"They were such big companies that in the HR role I was in, I just got to do such a small portion of the job that it became very monotonous," she said. "It's really nice here, because with a small business everybody here wears multiple hats, so there's more variety.''

Parents and daughters alike have established ground rules, working to respect boundaries and keep their office and personal roles separate. The sisters have also had to learn how to interact as co-workers rather than as siblings.

Another challenge was making sure each daughter "understood that their job was not handed to them as an entitlement, but rather it was presented as an opportunity to learn, develop their careers and participate in helping to build a successful business," their father said.

Neither daughter felt pressure to work for the company, and neither feels pressure to stay long term.

"It's scary for us to commit to the next 35 years working here," said Emily, who, like her sister, also holds part-time retail jobs to interact with a larger group of co-workers. "We don't know what our parents' plans would be, if they would even want us to do that or if they would have other plans for the business. I'm still gaining valuable experience that I can use at a big or small company in the future."

Earlier efforts, such as hiring outsiders as sales reps and opening an office in the Des Moines area, were steps in the wrong direction, Jerry Grohovsky said.

The Twin Cities, outstate Minnesota and western Wisconsin offer plenty of room to grow. If anything, an office in the western metro might get some consideration.

Delegating sales to someone hired from outside proved difficult, because the company's brand is so closely identified with Jerry Grohovsky.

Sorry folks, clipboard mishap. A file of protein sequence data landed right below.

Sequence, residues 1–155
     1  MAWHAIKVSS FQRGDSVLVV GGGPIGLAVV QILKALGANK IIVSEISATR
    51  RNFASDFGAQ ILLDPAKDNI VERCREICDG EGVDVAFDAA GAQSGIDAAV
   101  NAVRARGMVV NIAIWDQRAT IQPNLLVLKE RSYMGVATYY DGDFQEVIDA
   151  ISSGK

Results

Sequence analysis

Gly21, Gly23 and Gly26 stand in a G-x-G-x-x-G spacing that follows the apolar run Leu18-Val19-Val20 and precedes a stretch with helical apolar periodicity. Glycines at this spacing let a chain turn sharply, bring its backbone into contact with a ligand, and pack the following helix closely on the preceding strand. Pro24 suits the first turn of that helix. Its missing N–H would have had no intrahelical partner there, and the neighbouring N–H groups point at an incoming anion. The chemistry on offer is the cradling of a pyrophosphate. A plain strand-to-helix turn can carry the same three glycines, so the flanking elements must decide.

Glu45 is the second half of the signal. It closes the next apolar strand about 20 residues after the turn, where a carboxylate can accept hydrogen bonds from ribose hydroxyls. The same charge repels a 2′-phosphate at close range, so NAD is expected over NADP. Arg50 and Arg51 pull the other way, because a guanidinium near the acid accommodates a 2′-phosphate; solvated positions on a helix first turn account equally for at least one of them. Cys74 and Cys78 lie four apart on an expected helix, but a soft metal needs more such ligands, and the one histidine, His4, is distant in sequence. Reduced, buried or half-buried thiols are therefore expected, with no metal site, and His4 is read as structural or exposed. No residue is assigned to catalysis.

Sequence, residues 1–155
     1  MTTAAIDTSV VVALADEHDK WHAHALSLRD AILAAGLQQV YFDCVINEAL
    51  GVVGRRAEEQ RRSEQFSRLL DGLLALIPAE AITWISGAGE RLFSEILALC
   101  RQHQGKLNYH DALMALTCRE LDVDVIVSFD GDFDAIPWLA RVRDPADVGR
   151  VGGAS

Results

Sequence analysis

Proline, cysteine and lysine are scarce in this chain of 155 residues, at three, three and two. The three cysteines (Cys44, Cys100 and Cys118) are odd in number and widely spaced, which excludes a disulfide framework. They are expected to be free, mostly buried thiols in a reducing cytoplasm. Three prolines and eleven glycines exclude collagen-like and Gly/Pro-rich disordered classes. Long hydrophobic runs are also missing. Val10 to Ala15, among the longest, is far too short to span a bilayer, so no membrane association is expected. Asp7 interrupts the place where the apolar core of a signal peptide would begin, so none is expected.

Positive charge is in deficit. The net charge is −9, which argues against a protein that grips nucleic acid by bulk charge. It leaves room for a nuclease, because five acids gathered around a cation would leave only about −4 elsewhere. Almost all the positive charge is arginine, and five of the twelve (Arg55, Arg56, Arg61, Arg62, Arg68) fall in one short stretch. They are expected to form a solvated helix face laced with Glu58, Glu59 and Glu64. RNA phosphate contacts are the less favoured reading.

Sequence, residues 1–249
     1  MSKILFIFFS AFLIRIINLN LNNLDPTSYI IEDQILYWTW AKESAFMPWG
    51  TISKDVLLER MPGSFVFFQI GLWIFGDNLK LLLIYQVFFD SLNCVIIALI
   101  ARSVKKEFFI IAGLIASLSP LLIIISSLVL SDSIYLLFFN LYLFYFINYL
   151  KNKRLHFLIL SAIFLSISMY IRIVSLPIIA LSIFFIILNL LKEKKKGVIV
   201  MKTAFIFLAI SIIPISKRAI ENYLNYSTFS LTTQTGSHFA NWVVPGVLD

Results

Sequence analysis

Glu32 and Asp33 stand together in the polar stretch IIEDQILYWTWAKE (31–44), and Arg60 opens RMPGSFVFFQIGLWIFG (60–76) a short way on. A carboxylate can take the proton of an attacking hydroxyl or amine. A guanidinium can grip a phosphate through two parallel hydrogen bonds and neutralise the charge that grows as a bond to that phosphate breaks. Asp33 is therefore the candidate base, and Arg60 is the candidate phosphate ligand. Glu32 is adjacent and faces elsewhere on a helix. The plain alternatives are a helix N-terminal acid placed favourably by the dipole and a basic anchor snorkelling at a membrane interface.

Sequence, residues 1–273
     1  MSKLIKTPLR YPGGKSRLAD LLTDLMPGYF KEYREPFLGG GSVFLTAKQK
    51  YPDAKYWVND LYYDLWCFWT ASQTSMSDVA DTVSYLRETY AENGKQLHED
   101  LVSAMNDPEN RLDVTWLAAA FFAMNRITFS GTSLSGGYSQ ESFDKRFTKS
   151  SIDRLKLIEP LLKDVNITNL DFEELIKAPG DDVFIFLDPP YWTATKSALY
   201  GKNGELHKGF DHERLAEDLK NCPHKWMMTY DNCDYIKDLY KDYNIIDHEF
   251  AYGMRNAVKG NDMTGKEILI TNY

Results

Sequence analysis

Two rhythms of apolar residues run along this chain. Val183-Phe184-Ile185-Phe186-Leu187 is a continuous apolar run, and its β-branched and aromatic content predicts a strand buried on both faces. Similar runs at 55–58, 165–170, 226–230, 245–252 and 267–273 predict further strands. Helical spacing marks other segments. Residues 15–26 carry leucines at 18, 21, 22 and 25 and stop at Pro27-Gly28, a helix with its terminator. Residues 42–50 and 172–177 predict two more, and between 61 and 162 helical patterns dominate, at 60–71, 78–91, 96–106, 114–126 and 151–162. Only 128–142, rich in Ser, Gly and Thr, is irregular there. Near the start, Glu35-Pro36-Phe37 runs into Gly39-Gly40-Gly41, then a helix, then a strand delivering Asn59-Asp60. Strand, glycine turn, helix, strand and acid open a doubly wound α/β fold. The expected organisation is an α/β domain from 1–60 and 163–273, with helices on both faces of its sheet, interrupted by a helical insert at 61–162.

"There's a level of caring that we could never have from the outside, that our daughters have brought to it," he said.

The expert says: Ritch Sorenson, director of family enterprise at the University of St. Thomas, recommended that all four family members read "Family Business," by Ernesto Poza, a textbook used at St. Thomas. Once they do, then they can begin developing collaborative documents, which all family members discuss and agree to, such as the family constitution that Poza discusses.

That document sets out a vision, mission and purpose for the family, just as a business should have a vision, mission and purpose, Sorenson said.

"It lays out what they're trying to accomplish as a family and the rules and policies for the family related to the business," he said. "All those discussions, I think, will provide a foundation for working together as a family."

The other document they need to get started on is a succession plan, or at least a career development plan for the young women, Sorenson said. That doesn't mean that the Grohovsky daughters would have to work in the business; they instead could develop their abilities to serve as owners who oversee others who manage the company.

"The idea is that both the parents and the children need to do a lot of introspection to figure out what it is they want in the long run, talk about it and come up with a plan," Sorenson said.

Todd Nelson is a freelance writer in Woodbury. His e-mail address is